In the Garden:
Middle South
July, 2001
Regional Report

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619

A butterfly favorite, purple coneflower does what few perennials do in our region. It gets bigger and better, year after year.

Bountiful Butterflies

Now that the summer sauna season is here, I'd rather watch my garden than actually work in it. The goldfinches come and go as they harvest still-green sunflower seeds. Almost any hour of the day I can watch butterflies sipping nectar from my flowers. I think of these amazing creatures as the flying flowers of summer, and I can never get enough of their colorful show.

Butterfly Plants

Several plants are well-known beacons for butterflies such as lantana, butterfly bush, pentas, and purple coneflower. However, butterflies will stop to sip at any promising flower such as zinnias and black-eyed susans provided they can balance themselves on their skinny legs while managing to extend their proboscis (tongue-like mouthpart that works like a drinking straw) down into the base of a flower. Plant lists abound with butterfly favorites, including several in articles you can read here at nationalgardening.com.

Other Butterfly Needs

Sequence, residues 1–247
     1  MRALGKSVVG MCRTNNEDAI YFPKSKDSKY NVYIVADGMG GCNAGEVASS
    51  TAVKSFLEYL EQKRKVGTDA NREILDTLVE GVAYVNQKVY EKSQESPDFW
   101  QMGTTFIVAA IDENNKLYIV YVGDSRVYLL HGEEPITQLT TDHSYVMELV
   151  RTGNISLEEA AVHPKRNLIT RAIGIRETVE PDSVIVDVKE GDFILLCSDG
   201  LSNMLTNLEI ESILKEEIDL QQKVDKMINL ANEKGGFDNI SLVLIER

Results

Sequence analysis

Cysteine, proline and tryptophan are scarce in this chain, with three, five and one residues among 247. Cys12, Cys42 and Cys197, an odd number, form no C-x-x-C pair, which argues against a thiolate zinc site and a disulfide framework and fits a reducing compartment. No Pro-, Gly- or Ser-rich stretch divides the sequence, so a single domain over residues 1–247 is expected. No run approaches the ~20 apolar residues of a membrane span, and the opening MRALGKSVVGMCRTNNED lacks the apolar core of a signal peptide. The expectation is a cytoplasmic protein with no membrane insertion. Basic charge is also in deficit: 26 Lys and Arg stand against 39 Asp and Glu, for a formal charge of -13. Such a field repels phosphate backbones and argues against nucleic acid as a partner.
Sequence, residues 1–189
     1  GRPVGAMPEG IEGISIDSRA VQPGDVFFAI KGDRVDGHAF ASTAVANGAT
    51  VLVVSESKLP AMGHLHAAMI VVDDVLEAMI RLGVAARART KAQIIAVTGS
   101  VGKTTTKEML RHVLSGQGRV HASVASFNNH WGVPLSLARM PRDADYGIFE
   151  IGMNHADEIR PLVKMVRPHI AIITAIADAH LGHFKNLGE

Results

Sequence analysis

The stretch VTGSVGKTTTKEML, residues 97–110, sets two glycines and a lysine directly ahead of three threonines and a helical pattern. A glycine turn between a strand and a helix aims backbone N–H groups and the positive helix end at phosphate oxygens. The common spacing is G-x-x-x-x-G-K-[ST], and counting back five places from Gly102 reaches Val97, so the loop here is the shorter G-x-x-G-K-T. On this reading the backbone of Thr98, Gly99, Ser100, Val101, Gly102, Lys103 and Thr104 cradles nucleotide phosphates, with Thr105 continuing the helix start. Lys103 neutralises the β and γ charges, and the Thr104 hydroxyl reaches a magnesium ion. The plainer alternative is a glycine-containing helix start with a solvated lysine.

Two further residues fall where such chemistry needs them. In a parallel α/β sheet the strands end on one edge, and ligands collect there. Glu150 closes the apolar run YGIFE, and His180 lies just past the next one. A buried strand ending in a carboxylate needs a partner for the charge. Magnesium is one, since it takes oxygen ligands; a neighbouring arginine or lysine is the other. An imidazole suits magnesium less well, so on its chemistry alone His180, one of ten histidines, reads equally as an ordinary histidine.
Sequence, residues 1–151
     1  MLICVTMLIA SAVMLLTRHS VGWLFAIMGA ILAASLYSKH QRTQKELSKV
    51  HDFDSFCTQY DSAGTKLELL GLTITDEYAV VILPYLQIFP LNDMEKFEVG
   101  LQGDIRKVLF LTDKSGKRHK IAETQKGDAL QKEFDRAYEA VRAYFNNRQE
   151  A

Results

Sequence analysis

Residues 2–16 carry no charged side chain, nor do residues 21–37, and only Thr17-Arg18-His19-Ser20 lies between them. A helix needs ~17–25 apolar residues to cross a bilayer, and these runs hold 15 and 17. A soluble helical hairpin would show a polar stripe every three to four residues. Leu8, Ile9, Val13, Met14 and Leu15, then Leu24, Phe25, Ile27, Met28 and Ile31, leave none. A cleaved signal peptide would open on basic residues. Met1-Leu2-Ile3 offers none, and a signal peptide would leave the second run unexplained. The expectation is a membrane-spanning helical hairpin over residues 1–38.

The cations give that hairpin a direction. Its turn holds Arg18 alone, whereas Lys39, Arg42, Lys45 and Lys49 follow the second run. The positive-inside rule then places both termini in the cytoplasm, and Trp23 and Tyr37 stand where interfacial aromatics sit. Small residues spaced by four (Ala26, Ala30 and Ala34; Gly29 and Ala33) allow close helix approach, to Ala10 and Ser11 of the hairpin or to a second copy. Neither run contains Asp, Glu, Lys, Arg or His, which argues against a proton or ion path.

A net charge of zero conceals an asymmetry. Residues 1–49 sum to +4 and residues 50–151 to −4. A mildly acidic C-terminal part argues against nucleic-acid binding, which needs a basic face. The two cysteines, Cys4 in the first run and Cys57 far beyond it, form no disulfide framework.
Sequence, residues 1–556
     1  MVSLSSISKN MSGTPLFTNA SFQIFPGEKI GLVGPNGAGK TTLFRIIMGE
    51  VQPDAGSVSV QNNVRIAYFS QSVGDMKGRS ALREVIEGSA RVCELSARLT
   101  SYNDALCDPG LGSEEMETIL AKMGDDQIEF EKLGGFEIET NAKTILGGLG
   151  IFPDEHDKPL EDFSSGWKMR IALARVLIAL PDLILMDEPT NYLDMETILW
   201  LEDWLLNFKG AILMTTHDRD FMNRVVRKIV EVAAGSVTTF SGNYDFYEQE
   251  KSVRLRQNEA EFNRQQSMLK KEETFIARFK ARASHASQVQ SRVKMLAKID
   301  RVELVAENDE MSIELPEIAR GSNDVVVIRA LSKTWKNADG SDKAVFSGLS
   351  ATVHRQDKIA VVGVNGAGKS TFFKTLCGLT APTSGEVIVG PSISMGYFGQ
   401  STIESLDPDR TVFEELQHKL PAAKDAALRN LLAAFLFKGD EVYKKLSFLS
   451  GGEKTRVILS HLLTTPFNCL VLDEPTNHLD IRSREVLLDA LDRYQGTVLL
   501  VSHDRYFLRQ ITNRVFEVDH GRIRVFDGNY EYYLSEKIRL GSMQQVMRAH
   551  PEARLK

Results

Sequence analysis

In addition to growing plants butterflies like, it's equally important to resist the temptation to use pesticides while butterflies are active. If you must spray plants with botanical pesticides, cover sprayed plants with an old sheet or rowcover to exclude butterflies for at least 1 day from that plant. If they do feed on it, they'll die.

Give Them Water

Rainfall has been more than abundant so far this year, but if the skies dry up you can help keep butterflies around by making a shallow puddle somewhere near your garden. This can be an actual wet spot in your yard, or fill a shallow container with small pebbles, a little garden soil, and enough water so that the surface appears wet. Include a few larger rocks that rise above the water so the butterflies can stand, and you'll see butterflies basking, sipping, and generally relaxing around this cool oasis.


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